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Young Women's Computer Skills Boosted by Using Virtual Games, Study Finds

Young Womens' Computer Skills Strengthen Through Virtual Games, Study Finds

A recent study finds that female students' computer skills improve through virtual dance choreography. Improved digital agility could impact students' opportunities to enter STEM fields later on.

Researchers from Clemson University "are taking a closer look on how they can improve the science, technology, engineering, and mathematics (STEM) section of their brain and have found dancing video games may be the key," said an article on MedicalDaily.com. The team published their findings in the journal, Technology, Knowledge, and Learning which "shows by engaging dance into virtual software, female students improved their computer skills."

"We want more diverse faces around the table, helping to come up with technological solutions to societal issues," said the study’s lead author Shaundra Daily. "So we're working with girls to create more pathways to support their participation. We adopt the view that computational thinking is a set of concepts, practices, and perspectives that draw upon the world of computing and applicable in many STEM fields.”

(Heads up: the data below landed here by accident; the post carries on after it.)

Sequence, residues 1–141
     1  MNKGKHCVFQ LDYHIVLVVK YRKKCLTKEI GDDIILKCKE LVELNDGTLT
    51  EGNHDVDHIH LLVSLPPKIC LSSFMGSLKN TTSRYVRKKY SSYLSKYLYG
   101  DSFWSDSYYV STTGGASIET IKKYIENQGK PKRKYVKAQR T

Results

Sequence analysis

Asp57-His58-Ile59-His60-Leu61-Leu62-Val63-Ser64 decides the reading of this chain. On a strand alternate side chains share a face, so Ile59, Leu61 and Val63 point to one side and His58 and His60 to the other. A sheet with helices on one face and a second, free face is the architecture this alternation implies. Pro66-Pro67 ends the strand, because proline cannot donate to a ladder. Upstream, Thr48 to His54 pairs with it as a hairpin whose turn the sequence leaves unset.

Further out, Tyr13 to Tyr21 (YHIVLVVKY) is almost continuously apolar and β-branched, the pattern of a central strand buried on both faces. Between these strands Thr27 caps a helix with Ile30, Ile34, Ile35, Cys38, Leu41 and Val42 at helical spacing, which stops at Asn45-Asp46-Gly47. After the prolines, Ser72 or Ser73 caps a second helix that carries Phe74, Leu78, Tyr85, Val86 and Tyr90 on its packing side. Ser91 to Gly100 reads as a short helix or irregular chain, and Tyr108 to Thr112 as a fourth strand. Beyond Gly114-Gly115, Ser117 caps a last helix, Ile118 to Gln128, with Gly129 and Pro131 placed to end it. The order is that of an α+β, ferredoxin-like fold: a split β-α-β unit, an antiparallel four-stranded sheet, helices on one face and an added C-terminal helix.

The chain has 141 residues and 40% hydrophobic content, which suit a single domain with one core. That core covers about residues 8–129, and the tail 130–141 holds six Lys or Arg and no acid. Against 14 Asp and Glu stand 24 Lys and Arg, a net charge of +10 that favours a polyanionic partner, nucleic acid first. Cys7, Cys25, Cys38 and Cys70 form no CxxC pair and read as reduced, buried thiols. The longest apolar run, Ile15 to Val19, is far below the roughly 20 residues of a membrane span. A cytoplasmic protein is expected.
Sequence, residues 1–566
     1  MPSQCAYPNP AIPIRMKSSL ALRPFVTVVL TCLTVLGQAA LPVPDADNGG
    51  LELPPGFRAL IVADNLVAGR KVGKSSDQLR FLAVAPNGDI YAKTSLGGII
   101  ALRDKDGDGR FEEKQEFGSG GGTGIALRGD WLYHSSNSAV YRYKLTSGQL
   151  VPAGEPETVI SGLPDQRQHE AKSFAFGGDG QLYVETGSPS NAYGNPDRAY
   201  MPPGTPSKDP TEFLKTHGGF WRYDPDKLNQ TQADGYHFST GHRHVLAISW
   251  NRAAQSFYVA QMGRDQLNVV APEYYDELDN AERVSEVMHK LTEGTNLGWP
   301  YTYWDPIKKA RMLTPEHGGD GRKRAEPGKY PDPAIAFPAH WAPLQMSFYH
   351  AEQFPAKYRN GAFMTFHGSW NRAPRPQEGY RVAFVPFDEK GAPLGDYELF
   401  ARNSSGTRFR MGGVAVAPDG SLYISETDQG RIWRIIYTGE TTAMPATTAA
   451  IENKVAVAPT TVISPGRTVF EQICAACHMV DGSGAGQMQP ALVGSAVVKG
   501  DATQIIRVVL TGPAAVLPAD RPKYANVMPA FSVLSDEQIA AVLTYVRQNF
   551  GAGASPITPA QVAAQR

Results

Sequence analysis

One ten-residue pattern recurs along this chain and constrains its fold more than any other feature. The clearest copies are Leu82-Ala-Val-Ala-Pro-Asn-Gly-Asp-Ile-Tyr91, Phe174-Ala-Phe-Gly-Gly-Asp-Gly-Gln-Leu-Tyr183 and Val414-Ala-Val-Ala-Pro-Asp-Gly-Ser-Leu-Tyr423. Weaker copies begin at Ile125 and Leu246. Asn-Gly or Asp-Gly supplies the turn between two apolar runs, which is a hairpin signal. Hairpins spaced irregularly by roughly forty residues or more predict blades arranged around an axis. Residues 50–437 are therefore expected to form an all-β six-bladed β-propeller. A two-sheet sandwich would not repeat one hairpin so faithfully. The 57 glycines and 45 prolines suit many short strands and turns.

According to the article, "Daily and her team designed special software for ladies called the Virtual Environment Interactions [VEnvl], which allowed them to sync their body movements’ with the computer. Fifth- and sixth-grade girls were tested with the novel technology that required them to create a virtual character in a three-dimensional environment. The girls were required to think up new computer strategies to improve their dance choreography, evaluate new animation algorithms, and align them with their own body movements."

Women, the article said, "only hold 27 percent of all computer science jobs and the number has remained stagnant for years. Despite the fact 60 percent of bachelor’s degrees are in women’s hands, only 20 percent of them are computer science degrees."

Research has shown "girls are rarely encouraged to pursue math or science at a young age, which ultimately destroys confidence in their abilities to succeed," the article said. "If they’re told that it’s not for girls, why would a child believe they had the intellectual ability to win over a boy’s field? It’s only now we’re seeing what the damage has done, and makes the demand for STEM programs more important than ever."

"We want to understand how body syntonicity might enable young learners to bootstrap their intuitive knowledge in order to program a three-dimensional character to perform movements," the study’s coauthor Alison Leonard said. "Executing one bit of code or movement one after the other exists in both programming and choreography. Likewise, loops or repeating a set of steps, also occur in both contexts."

Read the full story and comment below. 

Article by Kassondra Granata, Education World Contributor 

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